The Frolic shrunk the college football world and grew from an intimate event into what former SEC commissioner Mike Slive called "a convention of the game" that hosted up to 500 of the sport's boldfaced names. It became so culturally ingrained that the Pac-10, WAC and Big 12 conferences began holding their spring meetings in Phoenix congruent to it. "It eventually," Hansen says, "became bigger than life."
Along the way, so did Junker. As years morphed into decades and coaches moved from the MAC to the Big Ten, Junker remained consistent. He knew the coaches' records, remembered their wives' names and always asked about the kids. "I love him," says Ohio State coach Urban Meyer, who often attended the Fiesta Frolic with his wife, Shelley. "John Junker was different. Shelley still talks about it. He was just so genuine, and the hospitality was ridiculous."
The Fiesta Bowl became more than a game; it became a destination. While other bowls had more established brands given their half-century head start, the Fiesta closed the gap and passed them one tee time, sun tan and happy spouse at a time.
The Fiesta Bowl's large payouts and endless reputation for hospitality earned it the first national title game in the Bowl Alliance (Nebraska vs. Florida in 1996) and in the BCS (Tennessee vs. Florida State in 1999). By 2007, as scrutiny rose about the discrepancy between skyrocketing salaries of administrators and coaches and the fixed scholarships of athletes, the commissioners who ran college football became worried about the optics of the Fiesta Frolic. They decided they couldn't accept gifts like comped rooms at the Biltmore resort, and then-Big 12 commissioner Dan Beebe broke the news to Junker in an awkward conversation.
"He had a tough time with that," Beebe says. "It was almost like we were telling him to not be kind and generous. His reaction was like, 'This is who I am. I want to lavish people with gifts. This is the American way.'"
Junker's career unraveled in a quintessentially American way. An anonymous phone call placed to Arizona Republic reporter Craig Harris led to a December 2009 article about alleged illegal campaign contributions. The Fiesta Bowl hastily arranged an internal investigation that doubled as a botched cover-up attempt. Eventually, bowl executives came to their senses and brought in an external investigator. And while no charges ever emerged for the reckless spending, Junker was mocked with lists like this one from Business Insider: "16 Most Ridiculous Purchases Made by Corrupt Fiesta Bowl Executives." The second edition of the book Death to the BCS, by Dan Wetzel, Josh Peter and Jeff Passan, was dedicated to Junker for essentially proving the authors correct for writing the first edition.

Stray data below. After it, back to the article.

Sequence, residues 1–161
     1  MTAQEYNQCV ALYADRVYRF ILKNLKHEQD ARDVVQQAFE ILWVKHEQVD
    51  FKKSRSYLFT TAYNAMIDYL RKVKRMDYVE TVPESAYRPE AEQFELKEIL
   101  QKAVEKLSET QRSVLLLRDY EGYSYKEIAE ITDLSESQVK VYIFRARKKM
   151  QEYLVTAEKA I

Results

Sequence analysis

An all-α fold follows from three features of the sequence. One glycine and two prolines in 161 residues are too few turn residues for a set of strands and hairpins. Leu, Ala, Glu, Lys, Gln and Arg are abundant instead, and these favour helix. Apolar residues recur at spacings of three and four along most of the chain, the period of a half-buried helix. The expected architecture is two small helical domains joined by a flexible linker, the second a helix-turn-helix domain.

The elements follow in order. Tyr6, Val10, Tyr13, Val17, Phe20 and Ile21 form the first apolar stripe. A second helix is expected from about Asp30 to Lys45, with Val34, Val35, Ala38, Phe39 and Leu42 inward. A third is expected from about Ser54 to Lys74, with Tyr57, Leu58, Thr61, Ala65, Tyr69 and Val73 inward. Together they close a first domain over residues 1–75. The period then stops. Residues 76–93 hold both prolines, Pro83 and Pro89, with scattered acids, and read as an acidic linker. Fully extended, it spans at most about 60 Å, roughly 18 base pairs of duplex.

Junker didn't help himself, either, as epitomized by his defense of bringing business clients to a strip club. "We are in the business where big strong athletes are known to attend these types of establishments," he told investigators. "It was important for us to visit, and we certainly conducted business."
Osmin Ocardona strolls through one of the dining rooms at St. Vincent de Paul in a ripped red-and-black flannel work shirt and black boots. He gives Junker a warm hello, prompting a story from a darker time. Junker worked at St. Vincent de Paul for more than two years before his sentencing in 2014. Ocardona, a forklift operator and kitchen helper, approached Susan Junker soon after John went to prison. He handed her a $100 bill, which she knew he needed to support his own family of six children. He insisted she take it to help with her two kids, who had just graduated from high school and college. She took the money reluctantly, but she never spent it. When Junker got released from what he calls his "sabbatical", the three of them sat together on his first day back from work and Junker gave Ocardona the same $100 bill and thanked him for the gesture.
"He was crying and we were crying," Junker says. "It shows the generosity of the kind of people around here."
Junker passed the time in the minimum-security prison in Tucson by working in the library for 19 cents an hour, washing windows for 36 cents an hour and making $2 a week sweeping floors. He wore standard issue federal green pants and a shirt and slept in a dormitory-style bunk alongside dozens of other inmates.
He eventually saved enough money to replace the bulky black boots he received while checking in. "You learn to work the system," he says. "That's a long time to wear boots that don't fit."
Junker's pay cut has forced his family into financial austerity, but they managed to hang on to their house. When asked if he would ever run a bowl again, Junker didn't rule out the notion, but said it's very unlikely. "I love what I'm doing and the people with whom I work," he says. "There's zero chance of anyone extending me the opportunity to run a bowl."
He still has a handful of the old canary yellow blazers in his closet, but encourages any Fiesta Bowl officials to drop by and take them if they are in need. Junker's worlds did briefly collide when he attended the Fiesta Bowl between Ohio State and Notre Dame on Jan. 1. He went at the request of his son, Michael, who is a sophomore at Notre Dame. (Junker listened to last year's game on the radio driving back to the halfway house in Florence, Ariz., where he stayed after his release.)
Junker says his two probation officers aren't crazy about his old life intersecting with his new one, which is why he hasn't written or called back folks like White, former Arizona athletic director Jim Livengood and former Texas A&M AD Bill Byrne. The executives he lavished and befriended still speak highly of him, as Byrne says Junker is one of the smartest people he has ever met. Ohio State athletic director Gene Smith calls him "a good man who made bad decisions" and White says Junker "has some magic to him."
But for now the man perhaps most responsible for Monday night's game being in the Valley will watch at home, comfortable with the distance between his worlds.
"For people wondering, 'Why hasn't John called?' There's a good reason," Junker says. "Hopefully there will be time in the future to do a reunion, at the right time and the right place. These things do happen to people in their lives. You have to deal with it, and own it and digest it. Hopefully I've done O.K. at that."